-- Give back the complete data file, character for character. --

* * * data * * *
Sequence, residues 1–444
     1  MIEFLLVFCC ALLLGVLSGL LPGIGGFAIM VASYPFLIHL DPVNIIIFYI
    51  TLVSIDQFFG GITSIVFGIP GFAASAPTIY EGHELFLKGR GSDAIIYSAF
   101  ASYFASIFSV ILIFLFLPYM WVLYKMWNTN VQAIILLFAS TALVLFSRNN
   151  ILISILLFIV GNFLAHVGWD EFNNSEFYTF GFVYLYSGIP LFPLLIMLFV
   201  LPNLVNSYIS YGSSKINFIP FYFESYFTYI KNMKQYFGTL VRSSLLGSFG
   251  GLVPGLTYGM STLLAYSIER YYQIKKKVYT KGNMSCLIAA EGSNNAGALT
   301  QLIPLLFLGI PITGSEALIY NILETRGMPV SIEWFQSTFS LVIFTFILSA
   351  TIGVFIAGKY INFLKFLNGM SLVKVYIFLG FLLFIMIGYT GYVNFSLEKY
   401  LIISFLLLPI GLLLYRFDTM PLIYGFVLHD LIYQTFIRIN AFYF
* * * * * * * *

Sequence, residues 1–444
     1  MIEFLLVFCC ALLLGVLSGL LPGIGGFAIM VASYPFLIHL DPVNIIIFYI
    51  TLVSIDQFFG GITSIVFGIP GFAASAPTIY EGHELFLKGR GSDAIIYSAF
   101  ASYFASIFSV ILIFLFLPYM WVLYKMWNTN VQAIILLFAS TALVLFSRNN
   151  ILISILLFIV GNFLAHVGWD EFNNSEFYTF GFVYLYSGIP LFPLLIMLFV
   201  LPNLVNSYIS YGSSKINFIP FYFESYFTYI KNMKQYFGTL VRSSLLGSFG
   251  GLVPGLTYGM STLLAYSIER YYQIKKKVYT KGNMSCLIAA EGSNNAGALT
   301  QLIPLLFLGI PITGSEALIY NILETRGMPV SIEWFQSTFS LVIFTFILSA
   351  TIGVFIAGKY INFLKFLNGM SLVKVYIFLG FLLFIMIGYT GYVNFSLEKY
   401  LIISFLLLPI GLLLYRFDTM PLIYGFVLHD LIYQTFIRIN AFYF